NEW YORK — Chinua Achebe, the internationally celebrated Nigerian author, statesman and dissident who gave literary birth to modern Africa with “Things Fall Apart” and continued for decades to rewrite and reclaim the history of his native country, has died. He was 82.
Achebe died following a brief illness, said his agent, Andrew Wylie.
His eminence worldwide was rivaled only by Gabriel Garcia Marquez, Toni Morrison and a handful of others. Achebe was a moral and literary model for countless Africans and a profound influence on such American writers as Morrison, Ha Jin and Junot Diaz.
As a Nigerian, Achebe lived through and helped define revolutionary change in his country, from independence to dictatorship to the disastrous war between Nigeria and the breakaway country of Biafra in the late 1960s. He knew both the prestige of serving on government commissions and the fear of being declared an enemy of the state. He spent much of his adult life in the United States, but never stopped calling for democracy in Nigeria or resisting literary honors from a government he refused to accept.
Bennett excited about new album with Gaga
NEW YORK — They haven't hit the studio yet, but Tony Bennett says he “can't wait” to record his next album with Lady Gaga.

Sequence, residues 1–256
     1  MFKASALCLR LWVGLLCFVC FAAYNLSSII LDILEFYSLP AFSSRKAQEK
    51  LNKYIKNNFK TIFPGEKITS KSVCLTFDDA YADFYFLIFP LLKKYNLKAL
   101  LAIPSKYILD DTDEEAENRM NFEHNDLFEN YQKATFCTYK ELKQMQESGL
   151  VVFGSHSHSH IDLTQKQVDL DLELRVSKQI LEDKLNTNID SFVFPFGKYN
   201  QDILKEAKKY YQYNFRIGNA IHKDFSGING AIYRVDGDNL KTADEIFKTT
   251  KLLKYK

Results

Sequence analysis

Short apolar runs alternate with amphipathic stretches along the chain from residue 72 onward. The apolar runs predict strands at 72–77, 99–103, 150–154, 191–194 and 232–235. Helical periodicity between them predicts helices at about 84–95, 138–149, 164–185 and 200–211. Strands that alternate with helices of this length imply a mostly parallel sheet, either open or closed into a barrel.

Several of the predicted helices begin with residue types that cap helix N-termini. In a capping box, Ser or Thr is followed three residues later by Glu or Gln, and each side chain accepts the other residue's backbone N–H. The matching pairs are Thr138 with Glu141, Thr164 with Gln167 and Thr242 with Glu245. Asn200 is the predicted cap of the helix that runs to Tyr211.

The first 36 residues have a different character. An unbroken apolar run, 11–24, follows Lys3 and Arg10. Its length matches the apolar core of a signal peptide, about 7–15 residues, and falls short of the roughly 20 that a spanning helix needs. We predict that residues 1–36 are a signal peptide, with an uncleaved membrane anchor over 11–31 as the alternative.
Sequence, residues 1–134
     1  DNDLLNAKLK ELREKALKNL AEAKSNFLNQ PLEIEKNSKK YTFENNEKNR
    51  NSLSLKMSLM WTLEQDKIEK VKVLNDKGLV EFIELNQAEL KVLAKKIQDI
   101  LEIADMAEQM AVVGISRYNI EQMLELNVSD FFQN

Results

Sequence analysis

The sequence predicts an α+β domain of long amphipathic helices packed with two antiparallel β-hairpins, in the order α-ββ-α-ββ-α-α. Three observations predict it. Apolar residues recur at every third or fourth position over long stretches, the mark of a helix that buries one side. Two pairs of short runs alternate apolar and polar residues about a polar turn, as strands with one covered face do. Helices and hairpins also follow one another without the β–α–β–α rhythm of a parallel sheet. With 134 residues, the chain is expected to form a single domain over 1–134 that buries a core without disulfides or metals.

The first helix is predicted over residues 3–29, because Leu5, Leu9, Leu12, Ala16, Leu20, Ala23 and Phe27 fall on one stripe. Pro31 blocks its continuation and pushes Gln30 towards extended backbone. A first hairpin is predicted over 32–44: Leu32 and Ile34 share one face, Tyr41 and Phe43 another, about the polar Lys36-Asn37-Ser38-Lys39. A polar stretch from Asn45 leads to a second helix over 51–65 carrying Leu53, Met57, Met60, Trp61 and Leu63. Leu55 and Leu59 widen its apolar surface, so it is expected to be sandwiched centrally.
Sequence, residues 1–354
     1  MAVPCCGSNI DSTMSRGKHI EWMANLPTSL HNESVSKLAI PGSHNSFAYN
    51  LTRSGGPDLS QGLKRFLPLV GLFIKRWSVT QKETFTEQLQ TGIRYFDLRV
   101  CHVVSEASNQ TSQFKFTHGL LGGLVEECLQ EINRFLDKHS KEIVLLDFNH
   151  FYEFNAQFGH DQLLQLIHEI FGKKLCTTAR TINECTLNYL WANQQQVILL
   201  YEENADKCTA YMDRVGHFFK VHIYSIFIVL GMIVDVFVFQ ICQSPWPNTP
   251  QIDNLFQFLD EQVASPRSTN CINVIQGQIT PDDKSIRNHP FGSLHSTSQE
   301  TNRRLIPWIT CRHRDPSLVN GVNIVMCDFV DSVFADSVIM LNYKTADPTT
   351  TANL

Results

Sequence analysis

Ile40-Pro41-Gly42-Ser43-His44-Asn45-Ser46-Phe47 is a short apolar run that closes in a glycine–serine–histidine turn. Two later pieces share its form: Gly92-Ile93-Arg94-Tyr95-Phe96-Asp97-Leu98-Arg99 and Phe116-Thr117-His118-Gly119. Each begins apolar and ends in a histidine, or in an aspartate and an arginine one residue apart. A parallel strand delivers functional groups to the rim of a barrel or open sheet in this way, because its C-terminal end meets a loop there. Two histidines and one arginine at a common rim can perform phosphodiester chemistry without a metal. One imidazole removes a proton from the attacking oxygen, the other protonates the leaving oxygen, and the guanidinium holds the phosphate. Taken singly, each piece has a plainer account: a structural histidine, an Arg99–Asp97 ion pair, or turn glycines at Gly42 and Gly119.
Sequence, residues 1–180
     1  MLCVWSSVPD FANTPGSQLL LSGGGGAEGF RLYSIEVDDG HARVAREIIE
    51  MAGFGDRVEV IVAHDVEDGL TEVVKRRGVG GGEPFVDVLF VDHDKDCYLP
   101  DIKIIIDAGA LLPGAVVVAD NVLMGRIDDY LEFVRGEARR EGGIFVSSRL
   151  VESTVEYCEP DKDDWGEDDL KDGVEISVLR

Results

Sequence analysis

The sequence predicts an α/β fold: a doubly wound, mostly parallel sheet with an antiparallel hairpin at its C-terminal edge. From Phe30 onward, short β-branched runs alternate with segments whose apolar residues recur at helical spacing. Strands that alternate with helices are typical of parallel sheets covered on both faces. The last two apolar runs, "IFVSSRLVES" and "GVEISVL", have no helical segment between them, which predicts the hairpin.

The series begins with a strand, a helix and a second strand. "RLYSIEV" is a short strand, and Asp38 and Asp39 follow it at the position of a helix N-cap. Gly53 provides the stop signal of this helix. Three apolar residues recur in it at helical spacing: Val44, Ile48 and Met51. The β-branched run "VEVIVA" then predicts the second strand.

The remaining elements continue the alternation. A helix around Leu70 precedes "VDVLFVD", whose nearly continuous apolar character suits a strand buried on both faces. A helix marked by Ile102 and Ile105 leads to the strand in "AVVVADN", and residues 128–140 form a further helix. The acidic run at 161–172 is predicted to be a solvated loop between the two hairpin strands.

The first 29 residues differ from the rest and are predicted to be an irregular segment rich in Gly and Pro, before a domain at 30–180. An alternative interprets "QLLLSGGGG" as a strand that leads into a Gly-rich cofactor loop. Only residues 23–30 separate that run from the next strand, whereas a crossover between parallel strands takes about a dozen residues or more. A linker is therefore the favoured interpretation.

The 86-year-old said in an interview Thursday that he and the pop star will record “a big swing album.” He says “we have it all worked out already on paper.”
Bennett and Gaga collaborated on “The Lady Is a Tramp” for his Grammy-winning, platinum-selling 2011 “Duets II” album. He called the 26-year-old a “wonderful person and a great talent.”
Nicholson, friend sell Aspen residence
ASPEN, Colo. (AP) — More than three decades after actor Jack Nicholson and a friend bought a historic Victorian home in a Colorado ski town, reportedly so they could get better TV reception, the two have sold the residence for $11 million.
Nicholson and record producer Lou Adler split the cost of the nearly 5,800-square-foot home in Aspen's West End in 1980. The home was later added to the National Register of Historic Places in 1987.
Nicholson and Adler already had homes in Aspen when they bought the residence, according to “Five Easy Decades,” Dennis McDougal's book about the actor.
But neither home could get TV reception. So they went halves on the old Judge Shaw house, chiefly so they could go there to watch Lakers basketball, McDougal wrote.